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Facts About Adoptions
As families across the U.S. celebrate National Adoption Day, it is important to remember certain factors regarding adoptions.
Domestic vs. International
The difference between these two types of adoptions and the experience for waiting parents can vary greatly. Domestic adoptions are done by statute in New Jersey under the 1994 Adoption Act. This act requires “the best interest of the child” to be the paramount guide post. Placement is made through private or public agencies assisting the adoptive parents to locate and effect the adoption, or through the state foster care system and Department of Child Protection and Placement (previously known as “DYFS”).
International adoption varies by the law of the foreign country. The United States has recently seen a decrease in American families adopting internationally due to changes in foreign law-making foreign adoption costlier and more difficult. This change has been attributed to the rise of the middle class in areas like South America and Asia.
New Jersey law provides that an adopting parent is not required to file an adoption petition for a foreign adoption in New Jersey if (1) the child was adopted under the law of the foreign country, and (2) the adoption has been verified by the granting of an IR-3 immigrant visa by the U.S. Citizenship and Immigration Service.
Absent Neglect or Mental Illness, Each Birthparent Must Voluntarily Relinquish Their Parental Rights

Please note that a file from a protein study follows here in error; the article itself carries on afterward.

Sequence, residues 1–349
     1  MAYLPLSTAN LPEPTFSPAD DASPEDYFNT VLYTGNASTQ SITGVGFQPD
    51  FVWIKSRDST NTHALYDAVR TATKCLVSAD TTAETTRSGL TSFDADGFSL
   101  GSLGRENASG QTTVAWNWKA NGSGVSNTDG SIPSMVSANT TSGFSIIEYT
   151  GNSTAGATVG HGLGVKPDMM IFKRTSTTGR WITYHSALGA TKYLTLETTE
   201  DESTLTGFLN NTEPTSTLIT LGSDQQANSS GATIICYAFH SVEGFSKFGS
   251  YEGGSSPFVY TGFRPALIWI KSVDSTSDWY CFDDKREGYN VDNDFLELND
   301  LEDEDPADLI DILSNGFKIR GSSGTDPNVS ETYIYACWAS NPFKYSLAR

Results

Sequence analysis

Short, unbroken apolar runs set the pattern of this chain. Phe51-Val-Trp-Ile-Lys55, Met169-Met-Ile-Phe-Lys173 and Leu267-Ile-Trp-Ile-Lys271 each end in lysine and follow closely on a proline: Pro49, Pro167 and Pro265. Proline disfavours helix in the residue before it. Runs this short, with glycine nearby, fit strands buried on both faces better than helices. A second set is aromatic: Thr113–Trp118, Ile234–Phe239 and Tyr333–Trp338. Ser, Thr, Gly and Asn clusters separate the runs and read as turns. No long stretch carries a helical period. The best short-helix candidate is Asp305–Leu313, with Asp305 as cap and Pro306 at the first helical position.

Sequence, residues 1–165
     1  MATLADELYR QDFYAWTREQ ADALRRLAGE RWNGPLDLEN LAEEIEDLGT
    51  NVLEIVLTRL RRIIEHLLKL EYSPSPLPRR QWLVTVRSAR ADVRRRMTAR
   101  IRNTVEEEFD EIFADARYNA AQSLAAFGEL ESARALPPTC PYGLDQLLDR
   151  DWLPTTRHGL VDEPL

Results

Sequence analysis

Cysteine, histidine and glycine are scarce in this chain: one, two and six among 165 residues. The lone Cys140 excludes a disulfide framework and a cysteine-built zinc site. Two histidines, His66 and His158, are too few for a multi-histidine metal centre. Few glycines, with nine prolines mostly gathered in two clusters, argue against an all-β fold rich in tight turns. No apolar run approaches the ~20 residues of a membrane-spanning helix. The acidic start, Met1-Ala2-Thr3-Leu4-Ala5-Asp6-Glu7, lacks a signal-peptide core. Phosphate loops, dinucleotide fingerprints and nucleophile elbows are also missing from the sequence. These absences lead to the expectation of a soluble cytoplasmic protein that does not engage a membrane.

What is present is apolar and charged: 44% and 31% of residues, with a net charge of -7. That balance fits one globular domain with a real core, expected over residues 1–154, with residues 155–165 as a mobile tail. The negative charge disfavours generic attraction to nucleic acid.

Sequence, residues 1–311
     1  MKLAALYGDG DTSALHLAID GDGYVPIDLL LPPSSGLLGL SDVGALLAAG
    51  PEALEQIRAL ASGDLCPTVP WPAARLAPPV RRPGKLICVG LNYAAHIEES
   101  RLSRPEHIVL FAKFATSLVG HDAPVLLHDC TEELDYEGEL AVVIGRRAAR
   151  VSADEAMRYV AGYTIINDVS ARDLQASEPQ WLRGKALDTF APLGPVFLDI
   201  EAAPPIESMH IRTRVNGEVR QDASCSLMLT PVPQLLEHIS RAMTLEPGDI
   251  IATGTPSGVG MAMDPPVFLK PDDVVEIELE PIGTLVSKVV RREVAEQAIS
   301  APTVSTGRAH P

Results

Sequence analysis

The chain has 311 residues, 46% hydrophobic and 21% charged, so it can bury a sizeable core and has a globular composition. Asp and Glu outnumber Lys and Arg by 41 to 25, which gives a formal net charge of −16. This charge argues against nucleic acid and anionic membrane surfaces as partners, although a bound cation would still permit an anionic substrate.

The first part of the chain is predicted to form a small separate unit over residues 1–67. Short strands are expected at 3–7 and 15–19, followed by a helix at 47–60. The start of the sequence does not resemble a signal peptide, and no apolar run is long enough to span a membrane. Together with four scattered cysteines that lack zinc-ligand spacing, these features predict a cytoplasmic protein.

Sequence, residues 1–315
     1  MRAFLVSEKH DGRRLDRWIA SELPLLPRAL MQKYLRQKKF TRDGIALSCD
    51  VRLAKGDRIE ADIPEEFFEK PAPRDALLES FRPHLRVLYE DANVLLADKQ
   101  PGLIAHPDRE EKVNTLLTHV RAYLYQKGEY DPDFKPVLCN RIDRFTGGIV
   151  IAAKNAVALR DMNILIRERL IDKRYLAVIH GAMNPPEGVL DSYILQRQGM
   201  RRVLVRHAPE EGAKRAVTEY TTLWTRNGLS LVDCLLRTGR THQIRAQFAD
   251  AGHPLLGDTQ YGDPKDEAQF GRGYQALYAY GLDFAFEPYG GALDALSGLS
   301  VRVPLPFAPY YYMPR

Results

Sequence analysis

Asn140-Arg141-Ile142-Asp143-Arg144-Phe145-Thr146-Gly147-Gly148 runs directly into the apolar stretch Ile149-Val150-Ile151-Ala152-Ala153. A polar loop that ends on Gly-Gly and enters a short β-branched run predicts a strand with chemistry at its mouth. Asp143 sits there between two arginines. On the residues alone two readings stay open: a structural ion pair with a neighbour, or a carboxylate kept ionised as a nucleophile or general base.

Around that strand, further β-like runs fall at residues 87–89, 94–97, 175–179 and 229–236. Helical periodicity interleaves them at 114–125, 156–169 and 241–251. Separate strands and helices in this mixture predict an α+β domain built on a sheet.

In situations where a parent voluntarily chooses to place a child for adoption, both birth parents must be provided written notice and a right to be heard regarding the adoption of their child. If the whereabouts of one birthparent is unknown, New Jersey law requires proof that all efforts were made to identify and locate the missing birthparent. Adoption varies by State as to the specific requirements needed. Once a missing birthparent is located, a form of surrender must be admitted with the courts providing proof that the birthparent relinquishes the custody of the child and voluntarily terminates their rights to raise and care for the child.
Birth Parents Have the Most Control Over Domestic Adoptions
Birthparents have a fundamental constitutional right to raise their biological children. In order for a child to be available for adoption, either (1) the birthparents must voluntarily relinquish their parenting rights to the child, or (2) a family court determines the birthparents are unfit to raise the child due to mental illness, neglect, or forsaken their parental duties.
Less well known is the fact that adults may also be adopted. Adult adoption states that the court shall permit an unmarried person of full age, or a couple with both parties consenting, to adopt an adult person if the court is satisfied the adopting parents are of good moral character and reputable standing in the community, and the adoption was to the advantage and benefit of the person to be adopted.
An Adopted Child Is A Forever Child
A common fear among parents and families considering adoption is that the adopted child may not feel like their own. Although this may be a valid fear, the experience of raising and caring for a child makes them your own. The initial fears about attachment fade, making how you got the child irrelevant and offering a needy child a forever home and creating a family that never seemed possible without adoption.